My point is, don’t be too concerned if your photographer asks you to assign the copyright to them, it’s standard practice in the portrait and wedding photography industry. Just keep in mind they do need to verbally explain to you they are transferring the copyright to the photographer so you understand what they are having you sign – plus it also must be stipulated in the contract that the copyright is being “reassigned” or “transferred”. 

If you still have objections against signing the copyright over to the photographer, maybe you don’t want to give them permission to use your photos on their website or social media, you can always decline to sign the contract or make modifications to the contract. Bear in mind though that because photographers rely on images from the weddings they photograph to bring in more work/couples, which is their livelihood, they may not being willing to budge on this point. 

This could leave you in the position that your first-choice of a wedding photographer will pass on shooting your wedding, or you might have to pay a fee for a solicitor to amend the contract, or you might be able to come to an arrangement where the photographer can share a handful of images from your wedding photo collection that you approve.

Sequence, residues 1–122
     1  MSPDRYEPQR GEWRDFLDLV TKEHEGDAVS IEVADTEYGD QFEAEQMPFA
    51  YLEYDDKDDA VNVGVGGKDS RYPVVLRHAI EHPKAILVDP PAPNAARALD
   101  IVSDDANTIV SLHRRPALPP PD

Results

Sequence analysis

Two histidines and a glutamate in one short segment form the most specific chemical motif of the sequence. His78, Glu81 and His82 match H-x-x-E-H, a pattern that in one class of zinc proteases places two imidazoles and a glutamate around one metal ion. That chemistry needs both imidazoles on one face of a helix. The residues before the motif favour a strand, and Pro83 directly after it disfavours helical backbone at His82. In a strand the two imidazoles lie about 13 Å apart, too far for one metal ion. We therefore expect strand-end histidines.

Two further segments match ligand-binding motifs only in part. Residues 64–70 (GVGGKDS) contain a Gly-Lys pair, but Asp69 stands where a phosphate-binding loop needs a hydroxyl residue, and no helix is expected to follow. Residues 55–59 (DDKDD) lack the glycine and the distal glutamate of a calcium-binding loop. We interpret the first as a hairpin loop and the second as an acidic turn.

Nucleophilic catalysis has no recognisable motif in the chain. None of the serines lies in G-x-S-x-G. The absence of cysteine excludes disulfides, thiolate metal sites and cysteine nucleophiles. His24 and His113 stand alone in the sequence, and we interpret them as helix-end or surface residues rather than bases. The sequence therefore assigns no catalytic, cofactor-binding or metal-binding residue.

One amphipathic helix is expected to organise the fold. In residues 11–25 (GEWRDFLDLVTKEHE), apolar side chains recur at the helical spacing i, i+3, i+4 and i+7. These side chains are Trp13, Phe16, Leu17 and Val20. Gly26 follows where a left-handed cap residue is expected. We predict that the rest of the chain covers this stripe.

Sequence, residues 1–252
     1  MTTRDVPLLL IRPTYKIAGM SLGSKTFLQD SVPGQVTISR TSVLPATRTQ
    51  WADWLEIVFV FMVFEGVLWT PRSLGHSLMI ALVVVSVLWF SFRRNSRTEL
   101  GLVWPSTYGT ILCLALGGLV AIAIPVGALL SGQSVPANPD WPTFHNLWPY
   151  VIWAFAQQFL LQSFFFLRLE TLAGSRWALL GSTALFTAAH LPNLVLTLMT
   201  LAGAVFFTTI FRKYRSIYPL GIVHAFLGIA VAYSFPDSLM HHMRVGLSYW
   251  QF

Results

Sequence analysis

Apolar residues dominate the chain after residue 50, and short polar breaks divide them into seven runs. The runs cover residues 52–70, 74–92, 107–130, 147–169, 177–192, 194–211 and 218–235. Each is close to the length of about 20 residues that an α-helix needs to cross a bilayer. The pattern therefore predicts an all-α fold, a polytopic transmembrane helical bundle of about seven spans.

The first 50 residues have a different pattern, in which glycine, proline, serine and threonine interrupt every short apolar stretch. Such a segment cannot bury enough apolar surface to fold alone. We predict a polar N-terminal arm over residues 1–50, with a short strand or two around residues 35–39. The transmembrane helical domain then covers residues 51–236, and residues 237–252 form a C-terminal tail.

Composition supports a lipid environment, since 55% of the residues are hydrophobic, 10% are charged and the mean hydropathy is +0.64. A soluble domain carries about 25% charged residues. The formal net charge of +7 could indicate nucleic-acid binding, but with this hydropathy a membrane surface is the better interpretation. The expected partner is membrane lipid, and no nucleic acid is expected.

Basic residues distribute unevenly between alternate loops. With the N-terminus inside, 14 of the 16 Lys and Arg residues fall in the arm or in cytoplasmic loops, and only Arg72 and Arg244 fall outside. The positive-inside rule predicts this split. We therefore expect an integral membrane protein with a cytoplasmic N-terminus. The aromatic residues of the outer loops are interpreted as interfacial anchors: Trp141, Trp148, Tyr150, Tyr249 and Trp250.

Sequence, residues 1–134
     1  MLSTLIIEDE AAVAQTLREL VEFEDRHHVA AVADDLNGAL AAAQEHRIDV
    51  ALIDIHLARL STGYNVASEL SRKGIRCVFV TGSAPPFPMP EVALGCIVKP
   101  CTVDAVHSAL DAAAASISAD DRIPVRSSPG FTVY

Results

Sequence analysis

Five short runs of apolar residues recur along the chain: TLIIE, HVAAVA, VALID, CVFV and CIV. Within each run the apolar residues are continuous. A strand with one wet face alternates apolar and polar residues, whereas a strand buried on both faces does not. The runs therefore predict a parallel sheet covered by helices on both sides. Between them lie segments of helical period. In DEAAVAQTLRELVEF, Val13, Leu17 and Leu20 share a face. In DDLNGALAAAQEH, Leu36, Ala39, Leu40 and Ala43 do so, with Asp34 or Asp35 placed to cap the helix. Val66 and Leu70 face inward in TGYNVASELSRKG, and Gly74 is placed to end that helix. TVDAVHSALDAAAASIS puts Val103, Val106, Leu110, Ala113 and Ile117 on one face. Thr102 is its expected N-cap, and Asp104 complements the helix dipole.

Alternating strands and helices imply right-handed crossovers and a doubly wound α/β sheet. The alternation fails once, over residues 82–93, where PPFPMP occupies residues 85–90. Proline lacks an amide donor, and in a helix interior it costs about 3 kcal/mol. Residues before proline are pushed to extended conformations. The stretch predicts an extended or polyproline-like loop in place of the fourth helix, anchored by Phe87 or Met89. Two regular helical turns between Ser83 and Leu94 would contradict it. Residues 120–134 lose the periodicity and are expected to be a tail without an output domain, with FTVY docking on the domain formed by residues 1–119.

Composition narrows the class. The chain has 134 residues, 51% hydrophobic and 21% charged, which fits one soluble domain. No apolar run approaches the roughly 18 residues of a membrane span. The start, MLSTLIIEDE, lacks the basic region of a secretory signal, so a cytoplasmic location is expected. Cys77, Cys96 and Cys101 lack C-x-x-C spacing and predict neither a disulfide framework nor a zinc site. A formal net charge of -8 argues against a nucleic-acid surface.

At the end of the day, as a couple, you have to be happy with your decision. Our advice is its always best to have an open conversation with your wedding photographer about copyright. If it’s just a case of you not wanting your images online for whatever reason, and its common for people in law enforcement and the military for security reasons to require this type of privacy, that I’m sure your wedding photographer would be willing to work with you and forgo sharing images online and copyright.

 

GENERAL GUIDELINES BEFORE SIGNING ANY CONTRACT

Here are some general guidelines before signing any contract :